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The Muffler's Ministry: Chapter 2

Having sent off my agent submissions for My Family and Other Ghosts, I'm back working on my next novel. The Muffler's Ministry. I provided the first draft of the opening chapter a while ago, so here I am with the delights of chapter two.

So, what's changed? I'm still playing with the draft cover, above, for inspiration – which has unexpected side-effects. The picture of a ruined castle was selected at random when I prepared the post containing chapter one, but it's inspired me and has now turned into a key location in this novel.

What's going to be inside this castle? Will it be a Ministry of Alchemists trying to create alkahest? Or maybe a Ministry of Magic led by someone called Fudge? Well, you'll have to wait until chapter three to find out.

I was made to think about my sources of inspiration – and in particular the selection of images to stimulate the imagination – by reading Olivia McCabe's excellent Writing for Wellness. I'll probably return to this topic and book at a later date in its own post, but if you're not following Olivia on Twitter, you're missing out.

The other change you might notice is that I've updated the name of the series of books of which The Muffler's Ministry will be the first. I was never that satisfied with Familiarity, and I suddenly had the inspiration that the name of Rowan Webb gave me a rather twee option that works slightly too well: Webb's Wide World. I might tire of its tweeness before long, but it will do for now.

Right, I'm digressing again. Here's the early, rough draft of chapter two. I'll be back with chapter three when it's ready, which will be the last sneak peek you're getting. After that, I'll have enough information to go back and plan the rest of the book, flesh out more characters and plough on. I'm glad I've written these early chapters as it's really helped the characters tell me who they are. I'm looking forward to Ashley Carter telling me her story in chapter three...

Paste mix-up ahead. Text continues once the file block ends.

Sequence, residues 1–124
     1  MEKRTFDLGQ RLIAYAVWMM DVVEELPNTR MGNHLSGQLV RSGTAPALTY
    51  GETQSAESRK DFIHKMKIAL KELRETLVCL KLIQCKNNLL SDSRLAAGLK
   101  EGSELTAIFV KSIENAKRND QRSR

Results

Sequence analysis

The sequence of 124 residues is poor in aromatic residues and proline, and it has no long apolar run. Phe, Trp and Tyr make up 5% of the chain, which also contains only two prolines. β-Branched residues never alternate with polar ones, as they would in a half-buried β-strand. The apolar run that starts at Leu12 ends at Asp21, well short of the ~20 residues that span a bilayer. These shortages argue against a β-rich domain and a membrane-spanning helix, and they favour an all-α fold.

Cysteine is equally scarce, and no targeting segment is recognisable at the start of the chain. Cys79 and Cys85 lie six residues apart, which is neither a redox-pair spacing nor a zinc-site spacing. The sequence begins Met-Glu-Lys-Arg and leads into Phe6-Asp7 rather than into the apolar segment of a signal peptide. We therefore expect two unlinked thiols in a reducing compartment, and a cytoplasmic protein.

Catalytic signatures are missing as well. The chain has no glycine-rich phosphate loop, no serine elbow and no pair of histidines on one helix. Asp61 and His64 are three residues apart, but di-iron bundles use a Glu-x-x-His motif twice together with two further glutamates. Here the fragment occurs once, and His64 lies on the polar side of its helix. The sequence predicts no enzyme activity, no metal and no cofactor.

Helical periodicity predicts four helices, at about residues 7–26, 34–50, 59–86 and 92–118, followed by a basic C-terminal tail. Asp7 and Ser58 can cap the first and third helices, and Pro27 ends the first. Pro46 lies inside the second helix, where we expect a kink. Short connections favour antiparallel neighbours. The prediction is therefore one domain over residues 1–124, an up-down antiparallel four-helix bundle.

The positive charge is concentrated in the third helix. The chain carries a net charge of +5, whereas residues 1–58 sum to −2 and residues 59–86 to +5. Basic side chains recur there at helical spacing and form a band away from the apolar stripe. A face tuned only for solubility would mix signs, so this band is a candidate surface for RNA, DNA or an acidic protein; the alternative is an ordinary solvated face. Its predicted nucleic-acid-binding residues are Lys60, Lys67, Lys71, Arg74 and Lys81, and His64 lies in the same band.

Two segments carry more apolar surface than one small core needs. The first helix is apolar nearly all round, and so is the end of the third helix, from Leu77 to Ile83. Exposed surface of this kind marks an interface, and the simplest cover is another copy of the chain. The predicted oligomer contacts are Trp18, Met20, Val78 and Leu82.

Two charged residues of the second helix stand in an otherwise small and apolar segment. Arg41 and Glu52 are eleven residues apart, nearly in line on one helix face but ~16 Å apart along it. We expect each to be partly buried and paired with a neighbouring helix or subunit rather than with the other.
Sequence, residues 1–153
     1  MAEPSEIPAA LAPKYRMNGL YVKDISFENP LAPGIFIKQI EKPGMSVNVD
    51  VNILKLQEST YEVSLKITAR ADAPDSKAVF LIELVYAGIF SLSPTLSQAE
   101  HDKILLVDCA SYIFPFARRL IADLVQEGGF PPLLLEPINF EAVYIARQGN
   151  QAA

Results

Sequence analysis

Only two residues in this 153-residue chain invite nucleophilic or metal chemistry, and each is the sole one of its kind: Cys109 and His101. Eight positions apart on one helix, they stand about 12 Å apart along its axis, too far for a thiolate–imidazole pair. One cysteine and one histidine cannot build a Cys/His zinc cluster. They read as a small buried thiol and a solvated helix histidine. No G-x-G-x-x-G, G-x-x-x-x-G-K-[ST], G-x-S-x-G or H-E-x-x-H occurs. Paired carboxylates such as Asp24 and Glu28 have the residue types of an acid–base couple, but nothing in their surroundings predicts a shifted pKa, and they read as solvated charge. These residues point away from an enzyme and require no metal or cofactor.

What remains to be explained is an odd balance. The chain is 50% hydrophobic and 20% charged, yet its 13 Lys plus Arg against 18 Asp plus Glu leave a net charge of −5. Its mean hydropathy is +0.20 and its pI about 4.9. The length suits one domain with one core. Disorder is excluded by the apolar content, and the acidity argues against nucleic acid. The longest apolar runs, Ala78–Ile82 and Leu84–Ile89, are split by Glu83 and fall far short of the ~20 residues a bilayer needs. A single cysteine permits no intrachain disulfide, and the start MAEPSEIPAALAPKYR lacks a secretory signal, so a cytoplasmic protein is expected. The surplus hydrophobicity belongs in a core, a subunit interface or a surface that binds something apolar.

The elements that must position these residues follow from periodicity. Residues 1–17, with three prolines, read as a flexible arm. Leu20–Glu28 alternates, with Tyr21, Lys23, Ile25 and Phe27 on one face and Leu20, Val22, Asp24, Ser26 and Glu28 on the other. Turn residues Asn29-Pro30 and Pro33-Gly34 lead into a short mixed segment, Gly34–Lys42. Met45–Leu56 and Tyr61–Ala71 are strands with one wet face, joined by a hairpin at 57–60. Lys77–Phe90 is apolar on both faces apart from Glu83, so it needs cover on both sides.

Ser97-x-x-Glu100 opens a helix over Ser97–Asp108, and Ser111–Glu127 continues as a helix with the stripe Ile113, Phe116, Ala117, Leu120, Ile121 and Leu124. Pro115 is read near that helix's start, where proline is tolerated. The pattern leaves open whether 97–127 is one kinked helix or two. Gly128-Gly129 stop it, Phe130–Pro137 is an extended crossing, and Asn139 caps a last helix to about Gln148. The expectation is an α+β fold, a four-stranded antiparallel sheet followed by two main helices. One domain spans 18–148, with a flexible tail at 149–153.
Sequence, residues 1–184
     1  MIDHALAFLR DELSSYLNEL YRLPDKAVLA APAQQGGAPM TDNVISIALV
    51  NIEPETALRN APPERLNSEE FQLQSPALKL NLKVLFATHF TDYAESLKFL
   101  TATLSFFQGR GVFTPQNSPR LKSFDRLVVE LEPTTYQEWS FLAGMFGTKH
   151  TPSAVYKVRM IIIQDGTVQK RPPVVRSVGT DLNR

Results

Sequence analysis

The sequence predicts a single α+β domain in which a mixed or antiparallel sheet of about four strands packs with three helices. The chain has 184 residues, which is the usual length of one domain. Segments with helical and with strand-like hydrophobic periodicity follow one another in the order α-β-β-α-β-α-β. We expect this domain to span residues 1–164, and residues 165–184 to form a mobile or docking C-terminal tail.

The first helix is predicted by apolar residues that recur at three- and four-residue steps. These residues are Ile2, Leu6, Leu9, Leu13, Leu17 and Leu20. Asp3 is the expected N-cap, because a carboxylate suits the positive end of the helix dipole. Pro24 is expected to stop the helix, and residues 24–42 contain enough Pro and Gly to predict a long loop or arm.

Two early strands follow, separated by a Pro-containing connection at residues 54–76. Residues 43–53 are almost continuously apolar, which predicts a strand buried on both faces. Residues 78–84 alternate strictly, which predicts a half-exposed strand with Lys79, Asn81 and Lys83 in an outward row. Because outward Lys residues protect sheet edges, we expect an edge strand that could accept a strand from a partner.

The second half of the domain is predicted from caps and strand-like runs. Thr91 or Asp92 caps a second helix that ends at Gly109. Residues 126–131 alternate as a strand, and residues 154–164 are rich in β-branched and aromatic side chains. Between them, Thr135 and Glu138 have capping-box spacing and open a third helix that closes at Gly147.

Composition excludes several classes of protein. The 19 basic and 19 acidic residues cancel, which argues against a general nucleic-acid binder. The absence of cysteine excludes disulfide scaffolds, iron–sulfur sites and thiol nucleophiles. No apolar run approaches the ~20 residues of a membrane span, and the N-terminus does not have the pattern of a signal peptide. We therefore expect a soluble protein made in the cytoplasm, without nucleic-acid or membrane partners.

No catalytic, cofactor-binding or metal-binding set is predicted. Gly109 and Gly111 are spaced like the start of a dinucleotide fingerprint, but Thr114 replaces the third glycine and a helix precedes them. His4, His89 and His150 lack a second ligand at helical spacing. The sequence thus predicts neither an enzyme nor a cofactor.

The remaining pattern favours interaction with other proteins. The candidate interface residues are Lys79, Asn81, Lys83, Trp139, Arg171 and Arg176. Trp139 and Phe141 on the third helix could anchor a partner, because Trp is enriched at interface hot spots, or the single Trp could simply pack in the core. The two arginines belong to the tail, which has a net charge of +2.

Chapter 2: Confrontation

We remained poised in silence on opposite sides of the doorway, staring blankly ahead at the flaking paintwork, unsure what to say to each other.

I was unsettled by the way the interview had ended. I knew I could have handled those questions better, but other than that, I felt I'd presented myself as well as I could. That Bristow guy was odd though.

'Have you seen Bristow before?' I said. The silence had become unbearable.

'No,' said Dave. 'Not sure what the point of him being there was. It's not as if he said anything, just sat there taking notes.'

'True,' I said.

I didn't want to reveal he'd been different with me, not until I'd worked out what that string of questions at the end meant. It was feeling odder all the time.

We reverted back to a silent nervousness. My initial confidence began to waver as time passed and the moment of reckoning approached, but I was still confident I was the best man for the job. They'd see that, I was sure. Wouldn't they?

We yearned to hear the door opening, ached for the sound of footsteps behind it, and yet when the door opened, we both jumped in surprise.

'Come in please, Mr Elkington,' said the scribe.

Dave was being called in first. That must mean something, but was it good news or depressing?

I then spent five minutes going through the permutations in my mind but came to no reliable conclusion. I could spin things both ways, and more. Still, I'd know as soon as I saw Dave's face; he could never keep a secret.

I jumped again when the door opened.

'Enter,' said the scribe.

As I followed him into the room, I wondered what had happened to Dave, but then caught a glimpse of his back as he left through the far door with Martha Deveson. Only Courtney Godel and the scribe remained; there was no sign of the enigmatic Bristow.


'Please take a seat,' said Courtney.